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The 1988 Earthquake

The first shock, of magnitude 6.9, was at 11.41 on Wednesday 7 December 1988. It lasted for 47 seconds. Four minutes later there was a second shock of magnitude 5.4 and within the first fortnight there were 1,500 tremors. Unfortunately most of the hospitals and schools were of modern Soviet construction and so collapsed immediately: urgent medical care for the survivors was difficult, not just because of the collapse of the hospitals but because over half of Gyumri's doctors died in their ruins. All 60 expectant mothers in the maternity hospital died, along with the newborn and their mothers. In one area of nine-storey flats only five or six of the original 49 blocks remained. (Flats similar in design to these are common even today throughout earthquake-prone Armenia.) Out in the villages the older peasant houses sometimes survived but the children had usually been in modern schools and hence died.

The wounded had to be evacuated by helicopter to hospitals in Yerevan and emergency supplies (including large numbers of coffins) had to be flown in. As well as useful items, numerous bureaucrats also arrived with no ability to organise anything but who, imagining themselves to be important people, decided they should be there. Gorbachev himself cut short a visit to the USA to visit the scene, though earned the contempt of the survivors and rescuers by having his Zil limousine brought in by transport plane so that he could inspect the ruins in comfort. Help came from abroad as well as other parts of the Soviet Union - even from Azerbaijan despite the growing tension over Nagorno Karabagh.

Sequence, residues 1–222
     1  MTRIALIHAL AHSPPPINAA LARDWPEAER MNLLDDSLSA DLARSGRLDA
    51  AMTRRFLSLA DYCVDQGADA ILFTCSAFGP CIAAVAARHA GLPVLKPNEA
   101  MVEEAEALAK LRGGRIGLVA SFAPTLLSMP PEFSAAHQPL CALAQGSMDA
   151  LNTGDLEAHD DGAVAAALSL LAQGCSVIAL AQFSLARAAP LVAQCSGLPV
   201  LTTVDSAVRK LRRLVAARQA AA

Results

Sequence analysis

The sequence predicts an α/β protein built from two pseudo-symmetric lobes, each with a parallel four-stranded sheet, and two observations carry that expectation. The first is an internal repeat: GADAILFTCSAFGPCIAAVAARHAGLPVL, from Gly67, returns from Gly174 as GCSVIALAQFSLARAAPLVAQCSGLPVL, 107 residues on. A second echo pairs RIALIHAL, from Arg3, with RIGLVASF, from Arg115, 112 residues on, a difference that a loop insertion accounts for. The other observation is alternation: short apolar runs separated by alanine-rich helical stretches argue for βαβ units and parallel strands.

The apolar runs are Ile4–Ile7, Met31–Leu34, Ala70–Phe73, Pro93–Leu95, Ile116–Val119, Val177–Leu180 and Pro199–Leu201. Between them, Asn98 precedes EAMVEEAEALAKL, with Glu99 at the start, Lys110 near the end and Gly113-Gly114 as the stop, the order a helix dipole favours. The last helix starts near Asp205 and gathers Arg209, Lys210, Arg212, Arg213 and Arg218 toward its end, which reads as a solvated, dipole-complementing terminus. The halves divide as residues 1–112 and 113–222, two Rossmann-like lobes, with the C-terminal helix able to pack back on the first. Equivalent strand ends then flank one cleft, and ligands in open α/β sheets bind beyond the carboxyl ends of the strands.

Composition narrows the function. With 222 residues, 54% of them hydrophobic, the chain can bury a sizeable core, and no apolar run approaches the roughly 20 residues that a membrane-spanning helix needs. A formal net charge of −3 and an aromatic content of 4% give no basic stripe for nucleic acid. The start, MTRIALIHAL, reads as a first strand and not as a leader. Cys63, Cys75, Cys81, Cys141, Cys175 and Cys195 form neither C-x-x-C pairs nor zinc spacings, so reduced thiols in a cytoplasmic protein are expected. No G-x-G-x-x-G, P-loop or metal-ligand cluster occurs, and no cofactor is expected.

Electricity, telephone and water supplies all failed. The absence of electricity and telephones, coupled with the perpetual shortage of batteries (to power radios) in the Soviet Union, meant that people, especially in the villages, had no sources of information and there were many who believed for days that the entire world had been affected. As well as being bereaved, many survivors had lost most of their possessions and were financially ruined. Looting and pillage soon broke out and as a result cars leaving the region were searched by soldiers and the forces of the Ministry of the Interior.

Could the earthquake have been predicted? Probably not, at least so far as the exact date and location were concerned, although after the event some shepherds said that they had noticed changes in the preceding days: specifically that the water in the artesian wells had become several degrees warmer.


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